To avoid an internal political fight with nationalist forces over returning the Golan, Israel’s right-wing government prefers maintaining its illegal conquest of the Golan and the status quo. To do so, it must continue to sow discord and military adventures in the Golan.
Shot across the bows
Numerous ominous escalations in the Syria conflict have occurred in recent days. Iran announced that it had fired missiles from its territory to attack IS positions in eastern Syria. It would mean that Iranian forces had advanced technically in order to fire its weapons and hit targets hundreds of miles away. The last time it attacked an enemy beyond its borders in this way was during the Iran-Iraq war in the 1980s.
Anonymous Israeli military sources claimed that each of the seven missiles that were fired missed their target, with several not even landing in Syria. However, aside from unnamed sources, the Israelis didn’t offer any proof of their claims either. It would be in Israel’s interest to spread a spurious claim debunking the military prowess of its chief regional rival.
Iran explained that the missile attack was revenge for a recent terror attack by Iranian Kurds in Tehran for which IS has taken credit. Since Iran has also blamed Saudi Arabia for the attack, which killed 17, mostly civilians, the missile attack is a thinly veiled warning against the Saudis: “just as we can reach IS in Syria, we can reach you in Riyadh as well.”
Or as Al Jazeera’s correspondent said:
“And, of course, we need to see this in the wider geopolitical context: it will be very interesting what the reaction is going to be from countries such as Saudi Arabia, the United States and Israel, because Iran is saying it can retaliate and it will.”
On 18 June, a US fighter jet downed a Syrian war plane in the Raqqa countryside which had bombed a target close to US-backed Syrian rebel forces. The US military claims these were Syrian Democratic Forces (whom Syrian regime troops had routed from the city), while the regime claims they were IS. US air power also shot down at least two pro-regime drones.
Fear of Assad victory
All this comes on the heels of Assad’s growing success in taking back territory that had been formerly held by IS. The US, in attacking Syrian war planes, is attempting to stymie Assad’s efforts. This means, in effect, that US policy largely mirrors that of Israel. The Trump administration, as well, appears not to want a united Syria, rather a Syria divided up into ethnic cantons.
Assad’s Russian ally reacted with fury to the US attack and cancelled critical deconfliction efforts meant to keep the various powers fighting in Syria from accidentally attacking each other (US officials have since said that a deconfliction hotline is still in operation). Further, Russia announced that any more US attacks on the Syrian air force might result in direct conflict with Russia.
All this is part of a US escalation of its own involvement which has included bombing a Syrian government military convoy, a mosque, and now this. Clearly, the Trump administration is directing our military to flex its muscles in this arena.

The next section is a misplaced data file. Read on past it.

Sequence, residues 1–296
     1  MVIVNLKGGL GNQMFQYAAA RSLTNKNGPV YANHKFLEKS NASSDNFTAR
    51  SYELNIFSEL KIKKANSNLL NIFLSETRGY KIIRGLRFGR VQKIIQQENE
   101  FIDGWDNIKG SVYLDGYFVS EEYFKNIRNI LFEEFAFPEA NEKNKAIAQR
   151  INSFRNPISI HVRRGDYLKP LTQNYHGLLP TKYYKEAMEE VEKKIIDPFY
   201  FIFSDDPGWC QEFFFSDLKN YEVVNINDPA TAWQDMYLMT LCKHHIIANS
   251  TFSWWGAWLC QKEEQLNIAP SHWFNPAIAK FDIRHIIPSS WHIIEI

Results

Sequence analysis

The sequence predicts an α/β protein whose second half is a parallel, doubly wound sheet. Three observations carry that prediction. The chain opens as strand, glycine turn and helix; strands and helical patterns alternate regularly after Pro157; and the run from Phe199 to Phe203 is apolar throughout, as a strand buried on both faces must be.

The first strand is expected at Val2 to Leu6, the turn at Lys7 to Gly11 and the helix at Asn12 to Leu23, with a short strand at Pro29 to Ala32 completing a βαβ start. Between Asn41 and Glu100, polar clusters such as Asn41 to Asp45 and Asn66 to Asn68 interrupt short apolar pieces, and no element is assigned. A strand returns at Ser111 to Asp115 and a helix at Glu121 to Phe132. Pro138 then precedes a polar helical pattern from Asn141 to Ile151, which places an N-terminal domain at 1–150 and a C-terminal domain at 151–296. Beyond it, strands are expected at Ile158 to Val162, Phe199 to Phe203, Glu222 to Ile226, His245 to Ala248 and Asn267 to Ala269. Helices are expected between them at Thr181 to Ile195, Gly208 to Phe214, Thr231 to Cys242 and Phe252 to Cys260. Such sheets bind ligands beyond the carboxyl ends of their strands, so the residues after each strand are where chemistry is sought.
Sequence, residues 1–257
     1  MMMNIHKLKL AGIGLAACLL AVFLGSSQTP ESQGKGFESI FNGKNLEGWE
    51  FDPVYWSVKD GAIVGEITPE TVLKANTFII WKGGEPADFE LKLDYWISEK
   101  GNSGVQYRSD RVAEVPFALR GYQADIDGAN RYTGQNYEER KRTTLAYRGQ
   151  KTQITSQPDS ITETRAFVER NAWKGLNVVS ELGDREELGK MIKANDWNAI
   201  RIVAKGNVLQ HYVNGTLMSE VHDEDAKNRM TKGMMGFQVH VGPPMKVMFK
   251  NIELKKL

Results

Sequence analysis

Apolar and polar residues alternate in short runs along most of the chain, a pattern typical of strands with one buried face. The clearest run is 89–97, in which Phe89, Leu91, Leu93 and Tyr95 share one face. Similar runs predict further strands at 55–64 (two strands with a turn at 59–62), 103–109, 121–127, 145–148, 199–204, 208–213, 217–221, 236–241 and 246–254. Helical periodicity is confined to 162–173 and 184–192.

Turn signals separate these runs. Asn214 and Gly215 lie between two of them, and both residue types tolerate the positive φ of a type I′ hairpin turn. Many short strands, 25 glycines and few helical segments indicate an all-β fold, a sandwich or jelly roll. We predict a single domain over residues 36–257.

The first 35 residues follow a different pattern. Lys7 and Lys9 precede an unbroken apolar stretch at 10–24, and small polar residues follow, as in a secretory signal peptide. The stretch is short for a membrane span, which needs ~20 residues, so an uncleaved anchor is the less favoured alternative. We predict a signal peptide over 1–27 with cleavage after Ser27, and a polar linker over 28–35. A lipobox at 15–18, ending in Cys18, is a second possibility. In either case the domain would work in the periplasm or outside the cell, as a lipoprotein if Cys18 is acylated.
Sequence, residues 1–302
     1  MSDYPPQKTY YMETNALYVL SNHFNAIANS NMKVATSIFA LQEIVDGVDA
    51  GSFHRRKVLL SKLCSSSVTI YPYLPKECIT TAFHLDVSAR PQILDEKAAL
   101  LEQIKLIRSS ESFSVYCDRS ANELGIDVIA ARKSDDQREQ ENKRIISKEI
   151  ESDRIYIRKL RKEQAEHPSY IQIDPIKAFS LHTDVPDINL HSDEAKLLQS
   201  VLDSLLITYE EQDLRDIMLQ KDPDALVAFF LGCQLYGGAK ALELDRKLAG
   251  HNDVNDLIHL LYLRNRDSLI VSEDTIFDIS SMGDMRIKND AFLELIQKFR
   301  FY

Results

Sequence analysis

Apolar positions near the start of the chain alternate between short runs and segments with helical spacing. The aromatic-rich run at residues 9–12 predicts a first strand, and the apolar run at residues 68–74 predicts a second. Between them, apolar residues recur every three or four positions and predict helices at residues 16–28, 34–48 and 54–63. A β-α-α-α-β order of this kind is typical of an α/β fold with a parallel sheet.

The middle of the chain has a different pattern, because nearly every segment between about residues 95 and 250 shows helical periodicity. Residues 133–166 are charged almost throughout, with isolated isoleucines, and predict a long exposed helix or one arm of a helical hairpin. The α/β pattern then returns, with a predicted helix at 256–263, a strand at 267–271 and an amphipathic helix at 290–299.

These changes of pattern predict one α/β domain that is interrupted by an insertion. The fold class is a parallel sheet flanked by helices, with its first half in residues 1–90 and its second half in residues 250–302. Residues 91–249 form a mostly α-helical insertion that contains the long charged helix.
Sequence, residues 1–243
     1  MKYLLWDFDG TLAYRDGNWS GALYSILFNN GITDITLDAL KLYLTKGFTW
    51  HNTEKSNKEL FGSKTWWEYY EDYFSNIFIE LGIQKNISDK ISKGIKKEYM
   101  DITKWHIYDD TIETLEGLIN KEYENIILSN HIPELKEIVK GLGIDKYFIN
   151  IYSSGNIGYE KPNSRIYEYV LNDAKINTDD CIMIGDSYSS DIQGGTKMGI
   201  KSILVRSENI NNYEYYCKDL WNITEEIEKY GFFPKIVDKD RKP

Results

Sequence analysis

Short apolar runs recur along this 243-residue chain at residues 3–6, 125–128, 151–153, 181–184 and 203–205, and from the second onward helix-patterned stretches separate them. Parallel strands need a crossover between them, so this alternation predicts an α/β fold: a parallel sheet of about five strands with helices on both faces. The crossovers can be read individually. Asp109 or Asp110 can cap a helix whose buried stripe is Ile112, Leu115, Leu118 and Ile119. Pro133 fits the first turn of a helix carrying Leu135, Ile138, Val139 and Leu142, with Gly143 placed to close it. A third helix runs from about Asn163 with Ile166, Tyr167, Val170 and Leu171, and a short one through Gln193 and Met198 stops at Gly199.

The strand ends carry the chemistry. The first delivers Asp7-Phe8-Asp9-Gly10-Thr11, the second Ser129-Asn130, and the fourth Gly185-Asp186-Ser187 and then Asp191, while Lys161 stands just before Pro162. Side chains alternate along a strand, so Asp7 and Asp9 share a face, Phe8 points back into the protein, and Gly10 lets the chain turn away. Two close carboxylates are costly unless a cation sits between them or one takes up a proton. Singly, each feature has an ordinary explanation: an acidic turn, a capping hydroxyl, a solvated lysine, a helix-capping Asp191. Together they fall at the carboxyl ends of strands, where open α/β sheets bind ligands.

The problem is that this is a very crowded field of battle and there are many parties involved, including Russia. The plane we shot down was a Russian Sukhoi bomber, for example. All it will take is one split-second mistake for this to turn into a major bloodbath which could suck the major parties in far deeper than they prefer to go.
The new alliance
Syria is only part of a wider playing field of conflict in the region where Sunni forces, financed by Saudi Arabia and the Gulf states, are arrayed against Shia power under the auspices of Iran and Hezbollah.
As the Sunni coalition continues to lose sway in Syria, this rivalry has moved to newer and even more dangerous places. The ultimatum given to Qatar to end its relations with Iran and Hezbollah is an example of how the ripple effects of Syria could send a tsunami throughout the Middle East.
A growing alliance between Saudi Arabia and Israel adds yet another combustible element to the mix. They both appear to be itching for a fight with Iran. When they were separate parties, the danger of such a conflict was less.
With them uniting against a common foe, the fetters are considerably loosened, not to mention that the ascension of a young, ambitious, hot-headed Saudi crown prince who’s shown himself only too willing to embroil his kingdom in foreign interventions adds even more danger to the scenario.
Richard Silverstein writes the Tikun Olam blog, devoted to exposing the excesses of the Israeli national security state. His work has appeared in Haaretz, the Forward, the Seattle Times and the Los Angeles Times. He contributed to the essay collection devoted to the 2006 Lebanon war, A Time to Speak Out (Verso) and has another essay in the upcoming collection, Israel and Palestine: Alternate Perspectives on Statehood (Rowman & Littlefield).